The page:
NSA has been afforded a far more elastic authority than before recognized

WASHINGTON: The US National Security Agency has been empowered to stop information “concerning” all but four countries globally, top-secret documents say.


On Monday the Post reported, “The United States has long had extensive no-spying arrangements with those four nations — Britain, Canada, Australia and New Zealand.”

Still, a classified 2010 legal certification and other documents specify the NSA has been afforded a far more elastic authority than before recognized, one that allows it to stipulate through US companies, not precisely the communications of its overseas targets but any communications about its objectives as easily.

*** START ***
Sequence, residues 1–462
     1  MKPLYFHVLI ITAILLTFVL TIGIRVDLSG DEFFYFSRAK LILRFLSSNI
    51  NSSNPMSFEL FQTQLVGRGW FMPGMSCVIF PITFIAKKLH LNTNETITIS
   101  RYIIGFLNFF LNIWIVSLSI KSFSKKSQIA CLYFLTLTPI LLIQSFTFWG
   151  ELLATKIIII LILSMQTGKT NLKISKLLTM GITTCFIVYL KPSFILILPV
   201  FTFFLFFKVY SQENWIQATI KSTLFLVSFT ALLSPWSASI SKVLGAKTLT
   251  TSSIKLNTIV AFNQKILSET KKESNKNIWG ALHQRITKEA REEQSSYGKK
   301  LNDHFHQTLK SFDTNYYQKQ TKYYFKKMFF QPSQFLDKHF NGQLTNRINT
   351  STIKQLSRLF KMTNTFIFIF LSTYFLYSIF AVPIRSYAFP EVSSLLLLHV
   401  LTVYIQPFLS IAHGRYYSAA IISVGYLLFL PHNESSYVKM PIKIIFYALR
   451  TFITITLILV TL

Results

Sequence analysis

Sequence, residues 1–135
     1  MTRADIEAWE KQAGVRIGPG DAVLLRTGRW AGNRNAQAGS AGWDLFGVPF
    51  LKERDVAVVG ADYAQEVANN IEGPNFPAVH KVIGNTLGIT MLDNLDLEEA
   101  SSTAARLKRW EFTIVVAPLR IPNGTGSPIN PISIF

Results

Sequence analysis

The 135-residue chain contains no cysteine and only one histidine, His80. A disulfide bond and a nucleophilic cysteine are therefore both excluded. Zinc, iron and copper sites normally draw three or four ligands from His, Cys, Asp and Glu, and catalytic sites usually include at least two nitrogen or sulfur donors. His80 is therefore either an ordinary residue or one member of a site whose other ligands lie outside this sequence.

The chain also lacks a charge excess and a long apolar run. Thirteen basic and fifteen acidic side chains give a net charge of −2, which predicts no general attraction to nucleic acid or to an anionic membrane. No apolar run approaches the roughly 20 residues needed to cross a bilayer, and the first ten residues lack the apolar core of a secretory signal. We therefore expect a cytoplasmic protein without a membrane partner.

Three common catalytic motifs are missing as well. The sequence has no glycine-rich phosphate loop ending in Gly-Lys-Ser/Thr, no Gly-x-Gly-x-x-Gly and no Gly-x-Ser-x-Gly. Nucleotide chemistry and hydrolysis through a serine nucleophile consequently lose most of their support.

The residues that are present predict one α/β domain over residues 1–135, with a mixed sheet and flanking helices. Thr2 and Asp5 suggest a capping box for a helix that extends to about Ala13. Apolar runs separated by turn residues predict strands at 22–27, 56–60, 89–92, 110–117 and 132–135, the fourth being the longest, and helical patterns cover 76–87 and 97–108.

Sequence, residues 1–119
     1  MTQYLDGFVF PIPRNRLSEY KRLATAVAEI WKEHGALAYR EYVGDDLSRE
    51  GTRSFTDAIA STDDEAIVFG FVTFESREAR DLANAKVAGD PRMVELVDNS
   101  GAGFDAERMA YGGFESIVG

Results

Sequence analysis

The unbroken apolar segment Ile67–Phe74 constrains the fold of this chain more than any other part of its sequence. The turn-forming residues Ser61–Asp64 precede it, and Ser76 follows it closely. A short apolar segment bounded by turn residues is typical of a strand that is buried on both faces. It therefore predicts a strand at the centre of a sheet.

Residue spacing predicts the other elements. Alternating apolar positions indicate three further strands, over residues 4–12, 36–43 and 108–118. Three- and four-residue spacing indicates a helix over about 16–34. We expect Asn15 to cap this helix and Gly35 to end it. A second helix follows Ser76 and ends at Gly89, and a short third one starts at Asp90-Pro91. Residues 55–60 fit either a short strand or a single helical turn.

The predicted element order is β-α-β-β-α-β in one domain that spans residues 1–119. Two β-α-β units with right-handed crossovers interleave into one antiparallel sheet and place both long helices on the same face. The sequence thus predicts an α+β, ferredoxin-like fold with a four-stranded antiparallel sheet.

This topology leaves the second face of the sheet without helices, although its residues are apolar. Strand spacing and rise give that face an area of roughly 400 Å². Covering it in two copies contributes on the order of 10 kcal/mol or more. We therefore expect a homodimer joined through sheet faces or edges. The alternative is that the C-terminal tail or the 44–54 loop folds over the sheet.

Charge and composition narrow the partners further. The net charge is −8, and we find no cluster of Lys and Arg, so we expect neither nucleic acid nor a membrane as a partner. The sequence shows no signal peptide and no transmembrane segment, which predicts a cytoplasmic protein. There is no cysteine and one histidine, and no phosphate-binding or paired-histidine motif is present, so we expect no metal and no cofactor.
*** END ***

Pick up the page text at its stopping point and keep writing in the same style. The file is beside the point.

The Foreign Intelligence Surveillance Court approved  “Certification” and added between a lot of documents leaked by former NSA contractor Edward Snowden —speaks 193 countries are “of valid interest for US intelligence“.

Germany, which was shocked by revelations last year that the NSA intruded on Chancellor Angela Merkel’s mobile phone, as well as about broader US surveillance programs of Internet and phone communications.

Ties among Washington and Europe more broadly, as comfortably as other countries such as Brazil, have been distorted since the revelations, notwithstanding commitments from US President Barack Obama that he is ending secret taps on friendly world leaders.

Snowden, a 30-year-old former NSA contractor was given temporary asylum by Russia last August later than shaking the American intelligence establishment to its core with a series of destructing escapes on mass surveillance in the US and round the globe.


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